9 Weird Pregnancy Food Cravings You Won’t Want To Try

They range from the straightforward to the downright bizarre, but pregnancy food cravings affect the majority of expectant women. Here are a few of the stranger ones we’ve found.


Why do women get pregnancy food cravings? Theories range from the body needing more of a specific nutrient to it simply being down to changing hormones. Then there’s the old wives’ tale that says particular cravings indicate whether you’re having a boy or a girl.

Some women find they suddenly can’t stand a food they’ve previously loved. Others can’t stop eating something they’ve always hated. There are even women who crave non-food items. (More on that later.)

Cravings usually start towards the end of the first trimester – up to week 12 – and can last throughout pregnancy. What you crave can change as your pregnancy progresses; these are a few we’ve come across.


“When I say I craved lemons, I mean I ate the whole fruit – peel, pith and all. I had bags of them in the refrigerator and ate them like apples. The acidity gave me really bad heartburn, but I couldn’t stop. Can’t bear the thought of them now.” – Lisa K, from Yorkshire, UK.


Nothing weird about steak, except the woman in this case had been a committed vegetarian for the previous 12 years. Not only that, she wanted it ‘blue’ – the more blood dripping out of that sirloin, the better.

3Pizza & apple sauce

Yum, pizza. But not usually accompanied by a pot of apple sauce. “It didn’t matter what the topping was – pepperoni, mushroom, barbecue chicken. I just wanted to smother it with apple sauce and eat the lot,” says Carla T, who lives in Montana, US.

4Pickle sandwiches (with the pickle as the bread!)

That might not sound too odd, until you realise that the pickles – usually sliced dill cucumbers – are used as the bread. The filling would be anything you’d normally expect – cheese, ham, tuna. It doesn’t appeal to us, but this one is quite a popular pregnancy food craving.

5Wotsits & strawberry milkshake

My friend Vicky swore this was the most delicious combination on the planet while she was pregnant. (For those outside the UK, Wotsits are a cheesy puffed corn snack – a bit like Cheetos.) She’d buy a multipack from the supermarket, a milkshake from McDonald’s or Burger King, and polish off the lot.


Finely-cut, fermented cabbage doesn’t get my tastebuds tingling at the best of times. Belinda, who lives in the Netherlands, wasn’t a fan either – until she was pregnant. “I couldn’t get enough of it. I’d put it on everything – and I mean everything, from fruit to mashed potatoes. I didn’t like it on its own, though, and now the thought of it makes me feel sick.”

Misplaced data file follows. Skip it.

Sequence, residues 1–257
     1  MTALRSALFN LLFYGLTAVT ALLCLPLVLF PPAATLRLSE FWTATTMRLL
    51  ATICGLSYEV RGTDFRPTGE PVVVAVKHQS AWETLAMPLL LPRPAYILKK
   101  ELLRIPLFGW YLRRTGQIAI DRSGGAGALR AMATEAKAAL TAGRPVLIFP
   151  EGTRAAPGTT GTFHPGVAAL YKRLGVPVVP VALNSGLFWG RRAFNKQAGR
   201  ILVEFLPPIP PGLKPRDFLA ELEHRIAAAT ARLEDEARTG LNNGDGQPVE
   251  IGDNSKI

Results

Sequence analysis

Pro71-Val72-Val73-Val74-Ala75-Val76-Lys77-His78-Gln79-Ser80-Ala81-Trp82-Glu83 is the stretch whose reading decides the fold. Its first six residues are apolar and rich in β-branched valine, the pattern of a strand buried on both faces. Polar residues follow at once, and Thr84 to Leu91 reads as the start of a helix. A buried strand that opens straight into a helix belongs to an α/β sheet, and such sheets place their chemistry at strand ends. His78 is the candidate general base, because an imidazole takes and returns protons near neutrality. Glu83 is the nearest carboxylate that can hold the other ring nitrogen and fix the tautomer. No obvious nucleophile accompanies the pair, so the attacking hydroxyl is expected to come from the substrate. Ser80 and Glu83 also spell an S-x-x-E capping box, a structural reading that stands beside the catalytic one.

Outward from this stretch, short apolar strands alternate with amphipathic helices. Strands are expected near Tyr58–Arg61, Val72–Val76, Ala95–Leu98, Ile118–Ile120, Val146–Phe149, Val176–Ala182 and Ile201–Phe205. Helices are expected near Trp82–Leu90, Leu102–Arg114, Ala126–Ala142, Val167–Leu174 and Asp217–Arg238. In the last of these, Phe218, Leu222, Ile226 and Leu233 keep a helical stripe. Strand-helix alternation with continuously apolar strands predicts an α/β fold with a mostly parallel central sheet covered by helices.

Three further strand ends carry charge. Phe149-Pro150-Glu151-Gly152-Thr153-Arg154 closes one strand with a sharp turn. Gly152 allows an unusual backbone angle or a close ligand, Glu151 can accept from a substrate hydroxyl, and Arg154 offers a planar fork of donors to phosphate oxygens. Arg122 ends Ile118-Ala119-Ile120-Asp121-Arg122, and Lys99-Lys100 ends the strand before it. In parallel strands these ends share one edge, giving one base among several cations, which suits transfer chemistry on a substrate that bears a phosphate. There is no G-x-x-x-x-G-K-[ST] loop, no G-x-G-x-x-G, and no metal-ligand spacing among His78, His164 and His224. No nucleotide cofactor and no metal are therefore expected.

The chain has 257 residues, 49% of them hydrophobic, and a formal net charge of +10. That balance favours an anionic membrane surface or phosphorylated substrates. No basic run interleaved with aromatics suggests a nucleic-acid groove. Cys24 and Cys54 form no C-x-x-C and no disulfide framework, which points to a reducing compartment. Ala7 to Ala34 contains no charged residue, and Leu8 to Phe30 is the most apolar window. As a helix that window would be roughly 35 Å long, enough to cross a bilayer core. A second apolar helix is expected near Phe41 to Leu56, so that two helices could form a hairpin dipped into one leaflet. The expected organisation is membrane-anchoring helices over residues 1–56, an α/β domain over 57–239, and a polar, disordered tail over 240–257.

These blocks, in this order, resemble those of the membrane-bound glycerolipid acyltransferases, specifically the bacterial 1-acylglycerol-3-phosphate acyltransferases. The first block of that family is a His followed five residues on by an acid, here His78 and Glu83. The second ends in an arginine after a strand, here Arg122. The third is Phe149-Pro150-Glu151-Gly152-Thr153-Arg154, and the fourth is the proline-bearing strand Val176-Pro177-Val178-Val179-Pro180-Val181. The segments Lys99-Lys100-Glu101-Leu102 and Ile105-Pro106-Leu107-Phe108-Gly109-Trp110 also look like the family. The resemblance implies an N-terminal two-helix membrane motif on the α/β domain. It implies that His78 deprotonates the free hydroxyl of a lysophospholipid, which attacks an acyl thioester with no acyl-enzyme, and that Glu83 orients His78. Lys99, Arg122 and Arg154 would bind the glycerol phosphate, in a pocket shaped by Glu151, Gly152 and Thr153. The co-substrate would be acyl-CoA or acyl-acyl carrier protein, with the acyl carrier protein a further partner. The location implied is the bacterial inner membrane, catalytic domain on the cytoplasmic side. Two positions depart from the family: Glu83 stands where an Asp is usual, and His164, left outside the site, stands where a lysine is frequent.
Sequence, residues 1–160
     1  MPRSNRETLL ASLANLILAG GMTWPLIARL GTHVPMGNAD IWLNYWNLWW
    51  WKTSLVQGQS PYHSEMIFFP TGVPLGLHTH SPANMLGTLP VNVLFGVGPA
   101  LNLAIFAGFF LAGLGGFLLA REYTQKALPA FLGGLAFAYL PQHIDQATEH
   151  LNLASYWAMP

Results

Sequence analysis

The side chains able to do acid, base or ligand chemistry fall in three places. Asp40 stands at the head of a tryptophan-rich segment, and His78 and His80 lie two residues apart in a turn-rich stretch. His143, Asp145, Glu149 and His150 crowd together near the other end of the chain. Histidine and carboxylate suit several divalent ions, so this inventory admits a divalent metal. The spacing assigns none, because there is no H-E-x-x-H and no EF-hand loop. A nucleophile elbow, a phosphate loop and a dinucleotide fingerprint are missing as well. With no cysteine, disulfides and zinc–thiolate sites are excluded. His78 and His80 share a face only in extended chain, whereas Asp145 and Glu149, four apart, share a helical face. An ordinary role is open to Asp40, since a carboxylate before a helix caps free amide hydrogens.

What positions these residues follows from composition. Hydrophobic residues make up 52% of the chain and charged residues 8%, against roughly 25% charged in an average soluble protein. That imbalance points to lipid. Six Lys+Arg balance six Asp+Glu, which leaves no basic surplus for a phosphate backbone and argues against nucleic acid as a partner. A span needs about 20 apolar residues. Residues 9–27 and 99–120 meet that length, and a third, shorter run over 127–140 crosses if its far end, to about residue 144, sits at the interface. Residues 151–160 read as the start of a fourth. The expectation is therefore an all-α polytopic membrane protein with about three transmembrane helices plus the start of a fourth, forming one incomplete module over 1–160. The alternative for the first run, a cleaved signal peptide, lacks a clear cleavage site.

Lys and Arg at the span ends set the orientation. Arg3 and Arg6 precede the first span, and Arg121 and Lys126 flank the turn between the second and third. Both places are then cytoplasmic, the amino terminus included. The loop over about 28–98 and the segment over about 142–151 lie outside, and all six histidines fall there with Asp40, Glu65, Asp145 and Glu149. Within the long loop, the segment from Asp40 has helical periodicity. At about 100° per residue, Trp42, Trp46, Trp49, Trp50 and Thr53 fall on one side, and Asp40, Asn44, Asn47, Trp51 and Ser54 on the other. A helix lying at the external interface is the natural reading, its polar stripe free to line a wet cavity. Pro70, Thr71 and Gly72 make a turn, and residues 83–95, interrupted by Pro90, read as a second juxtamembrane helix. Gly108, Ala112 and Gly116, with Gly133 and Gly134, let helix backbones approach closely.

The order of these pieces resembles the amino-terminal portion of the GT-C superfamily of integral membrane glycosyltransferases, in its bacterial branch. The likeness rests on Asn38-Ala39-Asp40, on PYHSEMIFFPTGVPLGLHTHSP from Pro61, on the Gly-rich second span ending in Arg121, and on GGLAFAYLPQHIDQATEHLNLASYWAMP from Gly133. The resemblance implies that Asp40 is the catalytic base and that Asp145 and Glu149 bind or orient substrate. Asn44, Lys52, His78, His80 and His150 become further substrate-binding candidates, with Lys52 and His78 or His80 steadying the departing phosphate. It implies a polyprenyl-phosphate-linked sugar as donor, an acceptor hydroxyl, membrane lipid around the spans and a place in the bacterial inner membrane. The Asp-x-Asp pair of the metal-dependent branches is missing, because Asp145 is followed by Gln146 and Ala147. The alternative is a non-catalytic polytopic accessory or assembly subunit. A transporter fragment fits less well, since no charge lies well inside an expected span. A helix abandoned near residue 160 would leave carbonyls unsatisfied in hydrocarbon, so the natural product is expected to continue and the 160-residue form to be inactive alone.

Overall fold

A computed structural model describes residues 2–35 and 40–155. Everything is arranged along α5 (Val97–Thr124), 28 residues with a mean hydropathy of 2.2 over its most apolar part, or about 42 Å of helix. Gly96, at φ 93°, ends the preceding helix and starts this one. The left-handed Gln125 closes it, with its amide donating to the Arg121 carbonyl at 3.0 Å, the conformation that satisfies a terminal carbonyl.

7Mustard sandwiches

Most of us are ok with mustard as a condiment – on the side with roast beef or ham, for example. Or yes, as a sandwich ingredient. But on its own? Mustard slathered liberally on bread with nothing else? No thanks.

8Dog biscuits

This comes via Natalie, an old schoolfriend, who says her sister craved a particular brand of dog treat biscuits during her pregnancy last year. “She never went anywhere without a handful in her pocket,” recalls Natalie. “We made her check with the manufacturer that they wouldn’t harm her or the baby and apparently it’s quite a common craving!”

9Non-food cravings

One of my personal cravings during my second pregnancy wasn’t for a food – it was a smell. White spirit and shoe polish were my favourites. When I filled my car up at the fuel station, I’d stand so the petrol fumes drifted up my nostrils.

All these things contain alcohol, and my friends joked it was my body’s way of coping without wine. I was a bit worried – inhaling this kind of substance couldn’t be good for my baby. (She was fine.) But I’d also heard of pregnant women craving substances such as sand, clay and chalk.

This is known as ‘pica’ – craving substances with little or no nutritional value. (Pica is Latin for magpie – a bird notorious for eating almost anything.) There’s no agreed cause, although the Journal of American Dietetic Association believes there may be a connection to iron deficiency.

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